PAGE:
A leading expert has warned that this week’s 30% rise in Covid cases is no longer just a ‘Jubilee jump’. All Brits aged over 50 should receive a fourth jab to ease pressure on hospitals, minimise the chances of long Covid and reduce the risk of new Omicron mutations.
The leading Covid-19 testing expert, Dr Quinton Fivelman PhD, Chief Scientific Officer at London Medical Laboratory, is warning that today’s reported 30% rise in Covid cases cannot simply be ignored by the Government. He says a new summer jab campaign needs to be planned immediately, to ensure all over-50s receive a fourth jab to protect against severe disease.
Dr Fivelman warns: ‘With cases up across the UK, and hospitalisations climbing, we are facing a new wave, fuelled by the spread of the latest Omicron BA.4 and BA.5 subvariants. Clearly, this is now more than a “Jubilee jump” surge caused by the Bank Holiday gatherings; it’s a marked trend. The latest research shows BA.4 and BA.5 appear to be able to infect people even if they’ve recently had other types of Omicron. Our natural immune systems are having difficulty in keeping the latest variants at bay.
‘For this reason, it’s vital people have as high a level of antibodies as possible to protect against severe disease. This means everyone aged over 50 receiving a booster jab this summer. Though not specifically targeted at the latest variants, a top-up jab still protects against severe disease. Many antibodies and T cells will remain effective.
‘While the severity of many Omicron cases may be less marked than previous Covid variants, such as Delta, it can still be an extremely unpleasant and dangerous disease. Hospital cases are rising and the latest research indicates Covid may remain active in our bodies, in areas such as the gut, for extended periods of time. This could be the cause of long Covid. It may also mean that people suffering from long Covid could even transmit the virus for many months after their initial infection.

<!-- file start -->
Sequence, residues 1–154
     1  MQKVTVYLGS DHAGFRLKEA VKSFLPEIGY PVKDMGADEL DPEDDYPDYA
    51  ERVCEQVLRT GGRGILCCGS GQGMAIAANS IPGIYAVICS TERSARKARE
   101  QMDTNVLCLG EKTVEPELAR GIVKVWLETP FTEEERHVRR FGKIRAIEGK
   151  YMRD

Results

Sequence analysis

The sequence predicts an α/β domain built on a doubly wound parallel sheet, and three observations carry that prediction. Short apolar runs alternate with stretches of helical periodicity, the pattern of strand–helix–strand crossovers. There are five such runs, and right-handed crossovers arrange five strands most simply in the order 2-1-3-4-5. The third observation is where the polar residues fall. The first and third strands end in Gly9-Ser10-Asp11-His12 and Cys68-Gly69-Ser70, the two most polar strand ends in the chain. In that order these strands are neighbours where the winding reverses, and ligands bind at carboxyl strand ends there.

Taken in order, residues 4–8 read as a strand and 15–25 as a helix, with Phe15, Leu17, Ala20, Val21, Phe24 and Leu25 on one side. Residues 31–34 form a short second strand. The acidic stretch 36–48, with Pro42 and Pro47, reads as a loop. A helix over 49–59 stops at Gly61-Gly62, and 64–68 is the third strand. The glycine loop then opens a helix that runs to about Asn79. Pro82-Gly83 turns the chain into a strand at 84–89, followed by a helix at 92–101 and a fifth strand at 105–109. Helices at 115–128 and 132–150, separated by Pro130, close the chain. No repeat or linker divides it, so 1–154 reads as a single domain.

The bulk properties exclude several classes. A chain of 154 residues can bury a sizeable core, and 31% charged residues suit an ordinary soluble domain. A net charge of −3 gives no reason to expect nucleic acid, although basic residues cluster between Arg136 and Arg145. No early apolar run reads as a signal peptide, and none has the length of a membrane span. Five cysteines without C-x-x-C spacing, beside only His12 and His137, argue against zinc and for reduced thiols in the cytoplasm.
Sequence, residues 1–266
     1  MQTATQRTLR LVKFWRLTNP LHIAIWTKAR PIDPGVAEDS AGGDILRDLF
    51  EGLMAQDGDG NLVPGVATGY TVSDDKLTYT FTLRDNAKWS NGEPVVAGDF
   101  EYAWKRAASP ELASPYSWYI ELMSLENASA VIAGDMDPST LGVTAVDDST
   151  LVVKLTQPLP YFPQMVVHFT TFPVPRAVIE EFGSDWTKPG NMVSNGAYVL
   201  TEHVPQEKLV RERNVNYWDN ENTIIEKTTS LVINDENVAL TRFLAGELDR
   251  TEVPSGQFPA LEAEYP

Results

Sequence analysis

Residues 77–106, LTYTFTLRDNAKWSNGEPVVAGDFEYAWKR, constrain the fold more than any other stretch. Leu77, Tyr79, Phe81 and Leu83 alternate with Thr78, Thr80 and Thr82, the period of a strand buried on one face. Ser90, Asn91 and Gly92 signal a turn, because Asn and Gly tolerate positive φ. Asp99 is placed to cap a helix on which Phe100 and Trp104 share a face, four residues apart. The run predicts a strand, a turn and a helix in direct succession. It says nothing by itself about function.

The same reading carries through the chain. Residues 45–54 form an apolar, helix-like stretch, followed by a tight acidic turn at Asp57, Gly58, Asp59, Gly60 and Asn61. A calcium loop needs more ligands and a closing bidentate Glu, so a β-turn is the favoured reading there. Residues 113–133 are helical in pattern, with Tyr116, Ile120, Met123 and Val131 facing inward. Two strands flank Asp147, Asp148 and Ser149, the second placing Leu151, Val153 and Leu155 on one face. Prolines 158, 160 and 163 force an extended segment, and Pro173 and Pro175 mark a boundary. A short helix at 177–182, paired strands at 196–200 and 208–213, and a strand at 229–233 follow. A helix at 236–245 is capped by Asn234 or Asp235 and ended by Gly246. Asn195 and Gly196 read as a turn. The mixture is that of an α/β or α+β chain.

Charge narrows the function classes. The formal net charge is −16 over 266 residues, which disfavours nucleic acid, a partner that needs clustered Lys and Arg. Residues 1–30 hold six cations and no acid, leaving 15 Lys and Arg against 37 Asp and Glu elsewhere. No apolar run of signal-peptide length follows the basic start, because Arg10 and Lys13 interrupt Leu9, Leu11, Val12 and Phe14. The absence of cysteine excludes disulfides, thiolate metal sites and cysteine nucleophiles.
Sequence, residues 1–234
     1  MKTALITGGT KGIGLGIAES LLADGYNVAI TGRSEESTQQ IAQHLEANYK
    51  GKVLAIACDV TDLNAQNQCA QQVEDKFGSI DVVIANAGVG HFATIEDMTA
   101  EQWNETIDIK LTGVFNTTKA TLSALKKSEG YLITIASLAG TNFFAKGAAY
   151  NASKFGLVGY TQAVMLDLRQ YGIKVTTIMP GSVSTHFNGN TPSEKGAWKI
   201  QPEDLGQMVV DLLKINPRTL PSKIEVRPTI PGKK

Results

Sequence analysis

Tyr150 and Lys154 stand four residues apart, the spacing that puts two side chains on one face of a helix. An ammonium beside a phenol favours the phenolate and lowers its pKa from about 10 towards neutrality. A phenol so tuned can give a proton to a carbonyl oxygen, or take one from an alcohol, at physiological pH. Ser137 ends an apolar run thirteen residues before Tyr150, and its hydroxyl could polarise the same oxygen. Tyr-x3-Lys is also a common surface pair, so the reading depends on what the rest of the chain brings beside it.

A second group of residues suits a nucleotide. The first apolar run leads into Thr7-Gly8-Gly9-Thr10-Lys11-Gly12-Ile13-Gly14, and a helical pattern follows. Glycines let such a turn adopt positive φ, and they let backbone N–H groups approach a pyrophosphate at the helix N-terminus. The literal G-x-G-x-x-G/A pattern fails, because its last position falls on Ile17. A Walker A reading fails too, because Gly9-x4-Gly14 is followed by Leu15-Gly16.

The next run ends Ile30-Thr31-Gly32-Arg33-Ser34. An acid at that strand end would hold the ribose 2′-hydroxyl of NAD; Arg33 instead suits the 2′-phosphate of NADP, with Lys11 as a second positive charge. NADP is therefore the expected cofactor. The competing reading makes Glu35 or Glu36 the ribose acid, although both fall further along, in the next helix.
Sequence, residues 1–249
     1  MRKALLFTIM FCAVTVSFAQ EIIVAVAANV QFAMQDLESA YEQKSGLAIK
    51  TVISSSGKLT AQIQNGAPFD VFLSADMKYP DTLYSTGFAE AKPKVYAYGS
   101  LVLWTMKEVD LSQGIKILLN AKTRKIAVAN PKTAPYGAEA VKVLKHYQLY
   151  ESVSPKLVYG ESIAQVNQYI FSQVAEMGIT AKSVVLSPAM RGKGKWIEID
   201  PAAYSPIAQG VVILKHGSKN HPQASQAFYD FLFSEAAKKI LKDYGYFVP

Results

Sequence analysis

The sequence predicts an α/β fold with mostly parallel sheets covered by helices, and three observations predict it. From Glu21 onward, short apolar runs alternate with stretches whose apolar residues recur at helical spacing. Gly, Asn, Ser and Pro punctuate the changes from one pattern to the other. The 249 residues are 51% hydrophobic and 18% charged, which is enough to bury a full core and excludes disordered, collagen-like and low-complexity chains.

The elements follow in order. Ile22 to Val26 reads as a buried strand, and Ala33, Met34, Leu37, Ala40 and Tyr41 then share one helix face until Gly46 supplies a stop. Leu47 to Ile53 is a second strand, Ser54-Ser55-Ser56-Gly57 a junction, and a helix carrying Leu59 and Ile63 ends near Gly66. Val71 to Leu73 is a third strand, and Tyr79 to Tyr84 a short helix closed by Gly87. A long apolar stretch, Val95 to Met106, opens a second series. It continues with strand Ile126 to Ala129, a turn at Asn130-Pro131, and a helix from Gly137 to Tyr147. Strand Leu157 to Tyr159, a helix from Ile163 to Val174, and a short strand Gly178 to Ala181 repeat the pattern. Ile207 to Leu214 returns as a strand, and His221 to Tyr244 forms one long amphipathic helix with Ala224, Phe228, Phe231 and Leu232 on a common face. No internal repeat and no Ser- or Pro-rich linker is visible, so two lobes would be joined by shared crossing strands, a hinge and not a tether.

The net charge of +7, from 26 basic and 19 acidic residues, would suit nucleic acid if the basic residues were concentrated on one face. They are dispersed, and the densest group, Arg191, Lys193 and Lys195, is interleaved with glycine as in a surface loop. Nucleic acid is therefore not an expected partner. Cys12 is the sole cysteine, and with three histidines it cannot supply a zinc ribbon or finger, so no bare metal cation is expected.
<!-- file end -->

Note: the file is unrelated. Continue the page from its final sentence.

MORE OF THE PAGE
‘The latest US research shows Covid proteins – most commonly the viral spike protein – remain in the blood of 65% of long Covid patients they tested. These were detected up to 12 months after they were first diagnosed, indicating a long-term, low-grade infection. Cases of long Covid among Omicron patients appear to be lower than earlier variants, but there is still a direct correlation: the greater the number of Covid cases, the greater the proportionate number of long Covid cases.
‘Covid cannot be allowed to persist in the population at numbers greater than 1 in 30, as it is currently. The more cases among the general population, the greater the chance the virus will mutate again. Unlike the relatively mild Omicron variant, scientists are warning that the next one may be more severe.
‘The latest ONS research shows that antibody levels, though still relatively high across the UK, have been consistently falling since mid-April. If anyone is concerned about their own immune response to the jabs and how well they continue to produce antibodies, the new generation blood tests available from London Medical Laboratory are highly accurate, quick and simple to carry out, either at home through the post, or at one of the many drop-in clinics that offer this test across London and the southeast’